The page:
My dear sister,
I’m home with my family after a lovely vacation in Virginia and at a beautiful South Carolina beach with my oldest son and his precious family. God gave us our fourth grandchild three months ago and I finally met little (big) Sammy. I’m a baby lover and it was hard to put him down. No other major events are going on in my life to make things look dark or hopeless or depressing. How thankful I am for these “easy” times in my life. To be sure, everything isn’t all rosy. My frail mama lives with us and each new day comes with various challenges, but this is a privilege, not a trial in my book. However, I am aware that you might be in need of encouragement at this very moment. I ask God to give me words of comfort and hope and am reminded of II Corinthians 1:4 where Paul tells us that God comforts us in our afflictions so that we, in turn, are able to comfort others with the same comfort that we have received from God.
In the past I’ve shared with you some of God’s dealings with me in submission. This lesson has had to be taught many times in my life and God continues to train me in His school of sanctifying trials, molding my will to His sovereign desires for me.
This leads me to reflect upon a dark time in my life when my heart was heavy, when my desires and petitions–even beggings, seemed to hit that well-known stone wall. Don’t we all know that feeling? We cry with David, “How long, O Lord? Will You forget me forever? How long will You hide your face from me? How long shall I take counsel in my soul, having sorrow in my heart daily?” And the answer does not come.
Many of us know about infertility, miscarriages, and even sadder things. My sorrow was infertility, doctor visits too numerous to mention, hormone treatments…yielding nothing except four babies we never had the chance to meet. People tried to be helpful. Some were unintentionally cruel with thoughtless words. One year…Two years…Three years…..Six years…
All around me were women getting pregnant, wanting to be, not wanting to be. Joyful women. Complaining, grumbling women. Angry women.
“Why me? Why me?”, cried the faithless, ungrateful, thinking of myself more highly than I ought to think part of me. Like Rachel to Jacob, her husband, I felt like crying out to God, ‘Give me children or I die.’ I remember my dear husband gently taking me by the shoulders, looking me confidently and empathetically in my eyes and reminding me of God’s Sovereignty and His always goodness whether we had babies or not. God is in charge of the womb, he said. And God is good.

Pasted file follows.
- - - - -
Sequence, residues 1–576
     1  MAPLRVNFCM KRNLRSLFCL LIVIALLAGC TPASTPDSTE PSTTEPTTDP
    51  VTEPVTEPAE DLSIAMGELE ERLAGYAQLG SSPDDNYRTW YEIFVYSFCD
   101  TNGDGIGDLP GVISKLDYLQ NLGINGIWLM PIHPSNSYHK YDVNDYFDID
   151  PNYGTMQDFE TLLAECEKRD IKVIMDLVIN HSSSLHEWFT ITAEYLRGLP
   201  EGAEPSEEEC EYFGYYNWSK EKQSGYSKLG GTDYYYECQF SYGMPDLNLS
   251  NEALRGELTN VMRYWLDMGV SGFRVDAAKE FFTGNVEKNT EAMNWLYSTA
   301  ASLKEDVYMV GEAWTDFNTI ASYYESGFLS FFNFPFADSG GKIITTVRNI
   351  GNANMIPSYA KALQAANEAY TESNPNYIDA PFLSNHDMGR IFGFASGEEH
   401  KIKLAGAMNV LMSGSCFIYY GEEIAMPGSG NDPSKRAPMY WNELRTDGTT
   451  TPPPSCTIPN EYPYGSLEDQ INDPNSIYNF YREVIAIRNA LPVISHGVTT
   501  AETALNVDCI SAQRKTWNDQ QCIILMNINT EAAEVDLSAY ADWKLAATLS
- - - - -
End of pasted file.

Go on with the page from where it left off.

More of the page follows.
My sister, we all do know God is sovereign over all the events of our lives–not simply our joys, but over our losses, our sorrows, our pain, our desires, our suffering. In fact, James tells us to “count it all joy” when (not if) these trials enter our lives, for there is purpose in it, purpose for our good and for God’s glory…”knowing that the testing of your faith produces patience. But let patience have its perfect work, that you may be perfect (spiritually mature) and complete, lacking nothing.”
These principles came alive during this stage in my life. II Corinthians 10:5 leapt off the pages of my Bible and into my faulty and anguished thinking. “Casting down imaginations and every high thing that exalts itself against the knowledge of God and bringing into captivity every thought to the obedience of Christ.” My mind had been running to and fro with yearnings and envy and grumbling and disappointment. God brought me to my senses rather abruptly with His convicting Word. My mind, my thoughts needed to be harnessed, made captive, to true thoughts concerning God’s character, His love, His principles. He wanted my will to be brought under the authority of His will in all matters in that ‘glad surrender’ Elizabeth Elliot wrote about.
It was clear–again. Why am I so slow to learn, to remember His faithfulness, His trustworthiness? Desire His desires above all else. It was not about me at all in the grand scheme. Whether He gave me a baby or not no longer mattered as much, reminiscent of my struggles with this very principle before marriage. My thoughts became focused on Christ and His desires for me to trust that He does all things well, no matter what that may be, whether or not I understand or like it.
And so I prayed, once again, from the depths of my soul, nothing held back, “Oh God, may I desire you above all else. May I desire your glory to shine forth in my life with or without babies.” And, with an emotional shudder, I added, as sincerely as I could muster, “Please, my God, do not ever give me a child unless he would grow up to love you supremely.”
God indeed gives us perfect peace when our minds are stayed on Him, when we desire His will above our own. David tells us to “Trust in the Lord, and do good; Dwell in the land, and feed on His faithfulness. Delight yourself also in the Lord, and He shall give you the desires of your heart.” Many use this as a proof-text for their theology of “God will give me want I want.” No, the Psalmist is telling us that if we truly delight ourselves in the Lord, He will plant His desires in our hearts. We will want what He wants. Gone is the frustration and bargaining and dissatisfaction. God’s will becomes more attractive to the soul than our own earthly demands with their imperfect motives.